May the odds be ever in your favour. [The Hunger Games]
Are people who ask for help considered to be lazy or needy? Is asking for help a sign of weakness or strength?
- 1 My Experience and Perception of Asking for Help
- 2 We All Need Help, Whether We Like It or Not
- 3 It Would Be Nice If People Offered Help Without Having to Ask for It
- 4 Other People Are Too Busy To Help and You Are Too Busy To Do Others a Favour
- 5 Video: The Courage to Ask for Help
- 6 If You Don’t Ask You Don’t Get
- 7 Audit Your Strengths and Weaknesses: Exercise
My Experience and Perception of Asking for Help
Let me get this out of the way first: I am one of those people who would rather poke my own eyes out with a hot rod than ask for help. Is it pride? Is it misconceived self-sufficiency and independence? Is it lack of trust in people? As I explore my own perceptions and misconceptions, one thing is clear: I don’t like delegating tasks and I’d rather do them myself. Some of you will already think this is not a clever strategy in life.
Let’s explore the whole concept of asking for help further.
We All Need Help, Whether We Like It or Not
Life, as we all know, isn’t always plain sailing: things may not go as planned, illness may strike or we may lose our job… the list goes on.
We like to think we are independent, strong-willed and determined to achieve our goals. Unless we live in splendid isolation, every so often we need to engage with other people. How do we see our relationship with other people? Are we seeing others as helpers and supporters? Do we feel the need to give more than receive (or viceversa?).
There will be times when asking for help is inevitable: we all need to ask someone to cover for us when we go on holiday or to babysit children to afford a rare night out.
It Would Be Nice If People Offered Help Without Having to Ask for It
Some people succeed in getting help, without even asking for it, down to an art. They just simply receive (or at least, it may seem to be that way to the untrained eye).
If you are feeling too proud to ask for help, that’s a nice position to be in: you get, you don’t ask. But what if help simply doesn’t arrive?
Fear may be one of the reasons why we don’t ask for help. Do we fear being considered as weak?
Many successful people ask for help all the time: they may require technical information, resources, manpower.
Other People Are Too Busy To Help and You Are Too Busy To Do Others a Favour
Sure, we are all busy, and assume that other people are so busy that they don’t have time to help a friend in need. Is that true?
Let me ask you something: do you feel annoyed when you receive a request to do a favour to someone? Therefore, do you feel that when you need a favour you don’t ask for it because you worry you might annoy your friends or contacts?
Video: The Courage to Ask for Help
It can be hard at times to let down the mask and ask for help. It takes courage to ask for help. This video from Forbes explains how asking for help can open up new avenues for collaboration.
If You Don’t Ask You Don’t Get
It seems this old adage is still valid, whether we like it or not. Do you think it will really hurt your feelings if you ask one person for help and he/she says no? What about if you ask 10 people and the 10th person says yes? Will it still be so unpleasant and uncomfortable to receive a negative answer after the 3rd or 5th time or will you start taking these answers less personally? If this sounds too daunting, why not experiment asking for one favour to one very trusted and understanding friend who will not judge you?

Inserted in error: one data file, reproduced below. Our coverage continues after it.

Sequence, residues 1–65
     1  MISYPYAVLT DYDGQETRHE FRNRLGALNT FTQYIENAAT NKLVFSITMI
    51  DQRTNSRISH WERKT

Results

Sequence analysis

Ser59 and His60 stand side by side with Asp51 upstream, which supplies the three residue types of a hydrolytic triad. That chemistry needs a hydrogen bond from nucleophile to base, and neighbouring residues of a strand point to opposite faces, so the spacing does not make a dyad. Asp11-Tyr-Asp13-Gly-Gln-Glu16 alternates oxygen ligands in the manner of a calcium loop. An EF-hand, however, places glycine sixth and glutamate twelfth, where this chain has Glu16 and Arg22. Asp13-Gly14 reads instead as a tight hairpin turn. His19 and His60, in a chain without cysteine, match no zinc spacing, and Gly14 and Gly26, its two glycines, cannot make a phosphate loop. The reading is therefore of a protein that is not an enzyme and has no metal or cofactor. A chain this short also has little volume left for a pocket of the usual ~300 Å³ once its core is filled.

Audit Your Strengths and Weaknesses: Exercise
Say you really need help and let’s forget for a moment that you may feel uncomfortable asking for help. Is it realistic for you to do everything yourself?
Start by making a list of things you are good at and things you are bad at (even if it’s hard to admit that you are not perfect!).
It may be painful to be faced with our shortcomings, but without this useful exercise we can’t progress in life. Better get it out of the way now, if you still haven’t done it, and move on to the next step.
What if the odds are stacked in your favour? What if there were more people willing to help than people who don’t like to help (or even worse, judge you for asking for help)?
Do the exercise now: take a piece of paper or a paper notebook and divide the page into two parts with a line down the middle. On the left hand side, write a list of things you are good at, you feel competent doing, you are qualified and/or experienced in doing.
On the right hand side, write a list of things you need to do but you are not good at, not qualified or not experienced to do, things that require more than one person to achieve.
|Things I know how to do||Things I need to ask help for|
What have you learned from this exercise?
First of all, I discovered that I am still quite good at doing stuff myself (let me tell you, it’s very reassuring to feel competent to do things!), but I also had to be frank and admit that I have limitations. As a struggle in my own process of asking for help and listing things I simply can’t do by myself (it is taking me super-human efforts to write that list down), I am discovering that asking for help is not as bad as I thought. I still don’t like it and it simply doesn’t come natural to me, but then again when we are children we are constantly learning things that we are not familiar with and we don’t question the process because we don’t have years of resistance to contend with.
We never stop learning, even as adults. I have only recently learned that I need to ask help. I needed some tough talking from my coach and break down layers of resistance, but receiving feels so good.
Join the conversation on twitter: let me know what you think @paolaenergya